Four Engaging Titanic Learning Extensions
We know that when it comes to super-engaging topics, Titanic is always near the top of the list. That's why we were so excited to feature Lauren Tarshis's wonderful "Into the Dark Water" in our September issue of Storyworks Jr. It's the story of the sinking of the Titanic, focusing on one survivor: 17-year-old Jack Thayer. It's a truly gripping tale, and we had a feeling your students might come out of it hungry to learn more about this fascinating, tragic historical event. With that in mind, here are four extension ideas to keep the learning going in your classroom!
TO READ: a historical fiction book
TO DO: a genre study
If you're not familiar with the I Survived series, written by our very own Lauren Tarshis, consider this a perfect introduction! This immersive series brings young readers into historical events with suspenseful, rich historical fiction narratives. "I Survived the Sinking of the Titanic, 1912" is one of our favorites, and we're betting your students will be riveted.
LEARNING TASK: Use this as an opportunity to compare and contrast historical fiction with narrative nonfiction. Make sure your students understand the difference by having them write a paragraph comparing and contrasting the article in Storyworks Jr. with the I Survived book, or hold a class discussion.
TO EXPLORE: an interactive website
TO DO: write a paragraph
National Geographic Kids has a great page on their site about the Titanic, where students will find facts about the ship and have the opportunity to click through to other related articles.
LEARNING TASK: Have students pick out two facts from the site that resonated with them. Ask: How did those facts help you better understand the Titanic? Students can respond in a short paragraph.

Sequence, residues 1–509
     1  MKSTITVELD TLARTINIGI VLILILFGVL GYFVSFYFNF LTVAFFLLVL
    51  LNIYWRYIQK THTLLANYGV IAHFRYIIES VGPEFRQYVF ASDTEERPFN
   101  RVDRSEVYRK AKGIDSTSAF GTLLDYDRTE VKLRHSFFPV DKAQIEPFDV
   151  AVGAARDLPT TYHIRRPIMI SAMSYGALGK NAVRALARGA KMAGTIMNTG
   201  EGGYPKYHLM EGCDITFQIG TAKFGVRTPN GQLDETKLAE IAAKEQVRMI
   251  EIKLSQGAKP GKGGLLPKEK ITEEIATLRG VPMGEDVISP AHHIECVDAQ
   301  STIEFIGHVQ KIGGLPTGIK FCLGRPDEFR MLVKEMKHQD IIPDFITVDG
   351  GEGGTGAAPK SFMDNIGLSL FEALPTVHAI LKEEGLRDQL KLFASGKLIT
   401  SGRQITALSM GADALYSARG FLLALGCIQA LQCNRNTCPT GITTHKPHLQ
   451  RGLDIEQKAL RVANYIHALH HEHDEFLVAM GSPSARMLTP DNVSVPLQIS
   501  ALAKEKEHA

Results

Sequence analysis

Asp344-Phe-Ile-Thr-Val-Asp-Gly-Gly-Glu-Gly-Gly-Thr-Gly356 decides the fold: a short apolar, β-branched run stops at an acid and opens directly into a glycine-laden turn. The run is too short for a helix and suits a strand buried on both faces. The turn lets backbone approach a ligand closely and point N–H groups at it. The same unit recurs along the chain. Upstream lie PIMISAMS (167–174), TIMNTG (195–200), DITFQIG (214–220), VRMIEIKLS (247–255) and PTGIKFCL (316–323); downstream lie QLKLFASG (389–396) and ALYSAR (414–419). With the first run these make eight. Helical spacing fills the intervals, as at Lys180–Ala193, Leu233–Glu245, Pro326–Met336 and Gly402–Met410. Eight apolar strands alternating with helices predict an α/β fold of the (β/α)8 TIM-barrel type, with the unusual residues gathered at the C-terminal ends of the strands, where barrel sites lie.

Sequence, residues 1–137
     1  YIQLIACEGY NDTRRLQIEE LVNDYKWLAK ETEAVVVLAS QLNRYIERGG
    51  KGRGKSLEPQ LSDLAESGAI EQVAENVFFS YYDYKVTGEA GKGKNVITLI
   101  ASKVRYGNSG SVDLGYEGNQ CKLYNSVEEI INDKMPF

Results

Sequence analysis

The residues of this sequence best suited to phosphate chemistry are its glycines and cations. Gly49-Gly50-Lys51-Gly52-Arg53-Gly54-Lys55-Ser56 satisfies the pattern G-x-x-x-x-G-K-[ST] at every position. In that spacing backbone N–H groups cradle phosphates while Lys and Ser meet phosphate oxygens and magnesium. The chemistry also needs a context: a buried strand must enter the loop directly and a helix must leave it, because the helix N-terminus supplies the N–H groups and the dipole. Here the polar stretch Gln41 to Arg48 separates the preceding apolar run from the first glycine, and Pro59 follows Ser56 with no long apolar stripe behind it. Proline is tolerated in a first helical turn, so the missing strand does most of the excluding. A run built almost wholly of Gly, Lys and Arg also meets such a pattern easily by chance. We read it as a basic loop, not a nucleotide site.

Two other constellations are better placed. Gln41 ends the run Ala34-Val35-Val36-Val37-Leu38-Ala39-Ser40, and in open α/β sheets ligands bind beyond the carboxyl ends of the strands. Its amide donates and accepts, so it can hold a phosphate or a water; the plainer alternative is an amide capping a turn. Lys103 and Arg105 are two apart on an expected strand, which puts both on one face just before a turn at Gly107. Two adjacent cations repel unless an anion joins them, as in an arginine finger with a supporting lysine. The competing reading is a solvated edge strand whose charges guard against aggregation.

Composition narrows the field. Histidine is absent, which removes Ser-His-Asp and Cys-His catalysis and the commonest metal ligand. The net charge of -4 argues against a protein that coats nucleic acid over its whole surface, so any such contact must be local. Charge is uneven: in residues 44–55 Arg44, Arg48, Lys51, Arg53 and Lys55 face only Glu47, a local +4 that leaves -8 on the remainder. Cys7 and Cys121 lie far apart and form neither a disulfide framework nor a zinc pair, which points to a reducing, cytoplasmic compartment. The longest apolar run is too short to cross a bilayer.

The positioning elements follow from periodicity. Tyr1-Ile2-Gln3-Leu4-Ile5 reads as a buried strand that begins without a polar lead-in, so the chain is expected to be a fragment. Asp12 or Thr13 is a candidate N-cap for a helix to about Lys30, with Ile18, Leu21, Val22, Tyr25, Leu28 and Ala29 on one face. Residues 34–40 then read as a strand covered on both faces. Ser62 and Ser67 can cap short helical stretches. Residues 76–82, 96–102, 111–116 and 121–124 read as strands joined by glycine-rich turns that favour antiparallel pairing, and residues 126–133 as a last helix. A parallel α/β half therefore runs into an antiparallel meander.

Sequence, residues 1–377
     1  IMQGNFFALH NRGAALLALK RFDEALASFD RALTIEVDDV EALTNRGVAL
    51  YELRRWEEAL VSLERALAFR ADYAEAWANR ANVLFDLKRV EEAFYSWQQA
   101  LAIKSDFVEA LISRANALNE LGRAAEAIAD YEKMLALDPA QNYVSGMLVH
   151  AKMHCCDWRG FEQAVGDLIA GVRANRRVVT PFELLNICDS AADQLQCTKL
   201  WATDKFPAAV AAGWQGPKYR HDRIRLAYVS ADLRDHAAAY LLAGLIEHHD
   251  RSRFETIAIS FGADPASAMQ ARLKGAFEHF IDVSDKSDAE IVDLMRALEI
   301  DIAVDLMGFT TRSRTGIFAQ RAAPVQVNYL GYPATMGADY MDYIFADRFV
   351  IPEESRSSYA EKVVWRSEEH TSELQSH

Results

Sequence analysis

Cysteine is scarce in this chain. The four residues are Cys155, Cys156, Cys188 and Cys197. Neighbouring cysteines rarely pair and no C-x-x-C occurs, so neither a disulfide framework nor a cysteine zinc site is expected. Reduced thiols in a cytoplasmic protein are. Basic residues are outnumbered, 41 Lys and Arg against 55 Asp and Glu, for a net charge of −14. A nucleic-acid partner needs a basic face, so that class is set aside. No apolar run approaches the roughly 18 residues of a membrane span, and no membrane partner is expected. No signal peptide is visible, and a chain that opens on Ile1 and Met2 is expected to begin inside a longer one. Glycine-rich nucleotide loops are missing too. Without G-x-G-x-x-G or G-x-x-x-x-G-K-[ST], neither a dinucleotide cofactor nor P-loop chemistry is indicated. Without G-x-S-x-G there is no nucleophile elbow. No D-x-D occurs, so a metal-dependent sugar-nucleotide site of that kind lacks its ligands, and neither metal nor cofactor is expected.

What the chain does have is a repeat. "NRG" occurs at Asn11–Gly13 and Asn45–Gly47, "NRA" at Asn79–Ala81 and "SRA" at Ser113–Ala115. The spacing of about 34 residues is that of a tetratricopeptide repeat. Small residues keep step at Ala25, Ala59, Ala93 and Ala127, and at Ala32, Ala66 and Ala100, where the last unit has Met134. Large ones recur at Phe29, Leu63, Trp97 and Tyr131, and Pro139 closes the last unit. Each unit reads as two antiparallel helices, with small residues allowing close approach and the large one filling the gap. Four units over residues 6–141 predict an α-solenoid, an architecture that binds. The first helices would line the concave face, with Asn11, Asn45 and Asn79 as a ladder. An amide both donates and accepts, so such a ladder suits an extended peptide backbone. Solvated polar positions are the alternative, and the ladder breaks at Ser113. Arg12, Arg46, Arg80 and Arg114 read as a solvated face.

TO RESEARCH: facts about the Titanic
TO DO: create a newspaper page about the disaster
Top teaching blogger Genia Connell has put together a fabulous lesson plan for digging deeper into the Titanic. After reading our article in Storyworks Jr. and perhaps visiting the library to find some more information about the disaster, students will create a newspaper front page about the event. This lesson plan is super fun, and comes with reproducibles and detailed instructions!
LEARNING TASK: Students will assume the roles of journalists, editors, and survivors and create newspaper stories about the sinking of the Titanic.
TO READ: a comprehensive book of facts about the Titanic
TO DO: make a poster
This is the definitive informational book about the Titanic! Your Titanic-obsessed students are sure to devour this book, which includes facts, photos, quizzes, survivor stories, and more.
LEARNING TASK: Have students pick out one aspect of the ship that they learned about in this book and make a poster to inform their classmates. This could be the building of the ship, myths about the ship...the possibilities are endless!
We hope these Titanic learning extensions inspire you and your students—and for more fun facts, don't forget to check out the Can't-Miss Teaching Extras on the right side of the story page. If you have a fabulous learning extension for this or any other story, we want to hear about it!